Gaiwan or Yixing


Owes its flavors to oxidation levels between green & black tea.

What should I buy for prepairing oolong?

Gaiwan
25
74%
Yixing pot
9
26%
 
Total votes : 34

Gaiwan or Yixing

Postby Space Samurai » Feb 15th, '07, 04:19

I am about to jump into the fabulous world of oolong. I was going to wait, but I just tried some tung ting, and it opened my eyes to what I have been missing.

So now I need a new tea pot. What should I buy? I have been wanting a gaiwan for a while, but would it be better to brew oolong in a yixing pot?
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Postby Mary R » Feb 15th, '07, 10:31

Yo, Space!

My vote was for 'gaiwan,' particularly if you're going to be trying a wide variety of oolongs. They have range, and I'm not sure a yixing used primarily for more those jade-like would do well for the higher oxidized and vice versa.

Then again, I don't use yixing yet. Just speculating!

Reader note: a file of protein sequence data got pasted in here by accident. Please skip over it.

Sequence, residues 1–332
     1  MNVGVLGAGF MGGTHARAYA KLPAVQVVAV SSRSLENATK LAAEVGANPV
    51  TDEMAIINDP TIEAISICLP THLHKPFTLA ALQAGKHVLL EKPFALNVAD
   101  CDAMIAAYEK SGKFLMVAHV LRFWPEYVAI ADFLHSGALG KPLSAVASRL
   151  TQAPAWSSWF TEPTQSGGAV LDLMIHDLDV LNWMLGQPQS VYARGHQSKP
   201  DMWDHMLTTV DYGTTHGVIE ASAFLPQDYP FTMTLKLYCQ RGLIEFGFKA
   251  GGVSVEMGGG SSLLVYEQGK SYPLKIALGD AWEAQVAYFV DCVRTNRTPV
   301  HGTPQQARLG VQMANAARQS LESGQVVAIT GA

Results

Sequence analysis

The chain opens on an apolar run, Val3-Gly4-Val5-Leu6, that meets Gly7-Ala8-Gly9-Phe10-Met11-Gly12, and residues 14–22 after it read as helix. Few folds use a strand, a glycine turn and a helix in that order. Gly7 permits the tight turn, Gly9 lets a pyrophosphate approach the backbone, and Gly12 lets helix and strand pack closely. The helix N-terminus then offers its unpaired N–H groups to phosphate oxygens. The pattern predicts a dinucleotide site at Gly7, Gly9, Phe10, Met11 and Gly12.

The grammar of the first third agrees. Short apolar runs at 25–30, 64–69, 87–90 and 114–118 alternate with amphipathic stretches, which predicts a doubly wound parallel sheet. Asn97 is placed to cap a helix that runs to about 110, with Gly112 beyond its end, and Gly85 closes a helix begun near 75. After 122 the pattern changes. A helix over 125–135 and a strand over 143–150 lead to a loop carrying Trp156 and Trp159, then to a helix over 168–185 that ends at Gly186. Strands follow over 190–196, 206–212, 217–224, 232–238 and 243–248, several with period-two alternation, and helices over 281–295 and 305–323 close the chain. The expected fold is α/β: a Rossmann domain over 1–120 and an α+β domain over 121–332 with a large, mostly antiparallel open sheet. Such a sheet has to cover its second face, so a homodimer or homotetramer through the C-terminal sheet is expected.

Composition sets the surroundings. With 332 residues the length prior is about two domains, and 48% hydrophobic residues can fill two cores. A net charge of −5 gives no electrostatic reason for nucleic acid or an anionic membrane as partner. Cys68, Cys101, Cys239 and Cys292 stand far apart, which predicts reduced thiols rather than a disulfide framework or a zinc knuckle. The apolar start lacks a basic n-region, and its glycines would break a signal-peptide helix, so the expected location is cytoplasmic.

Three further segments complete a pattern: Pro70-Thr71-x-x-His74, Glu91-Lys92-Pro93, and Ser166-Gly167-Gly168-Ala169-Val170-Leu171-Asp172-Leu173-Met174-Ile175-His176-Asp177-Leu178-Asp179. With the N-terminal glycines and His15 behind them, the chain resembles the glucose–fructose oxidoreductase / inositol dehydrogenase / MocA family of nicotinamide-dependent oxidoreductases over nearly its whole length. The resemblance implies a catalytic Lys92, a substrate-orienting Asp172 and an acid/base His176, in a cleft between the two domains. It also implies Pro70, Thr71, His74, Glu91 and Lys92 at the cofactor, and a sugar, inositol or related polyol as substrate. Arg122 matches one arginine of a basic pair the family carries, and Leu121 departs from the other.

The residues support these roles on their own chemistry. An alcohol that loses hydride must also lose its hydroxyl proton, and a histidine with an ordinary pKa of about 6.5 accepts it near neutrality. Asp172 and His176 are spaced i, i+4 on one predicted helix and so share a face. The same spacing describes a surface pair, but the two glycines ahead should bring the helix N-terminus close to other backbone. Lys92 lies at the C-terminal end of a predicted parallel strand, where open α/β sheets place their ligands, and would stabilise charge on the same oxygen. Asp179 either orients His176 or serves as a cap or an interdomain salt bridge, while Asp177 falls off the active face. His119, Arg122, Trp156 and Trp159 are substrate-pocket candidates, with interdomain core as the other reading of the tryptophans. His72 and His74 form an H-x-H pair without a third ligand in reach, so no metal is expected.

-M
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Postby Space Samurai » Feb 15th, '07, 13:11

I am fairly certain that it is pronounced guy-juan, like, "You know that guy, Juan, who works in Dairy?"
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Re: Gaiwan is pronounced??

Postby Oolongaddict » Feb 15th, '07, 13:53

jamlover wrote:I have seen the pronounciation of the pot on the web___ how do you say gawan?


I think it depends on the dialect of Chinese. A friend of mine from Taiwan pronounces it as "guywar." Others from the mainland that I have met pronounce it as "gai waan" or something similar. I'm sure as one meanders through the various dialects, one will find there is no ubiquitous, standard pronunciation.
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Re: Gaiwan or Yixing

Postby Oolongaddict » Feb 15th, '07, 14:04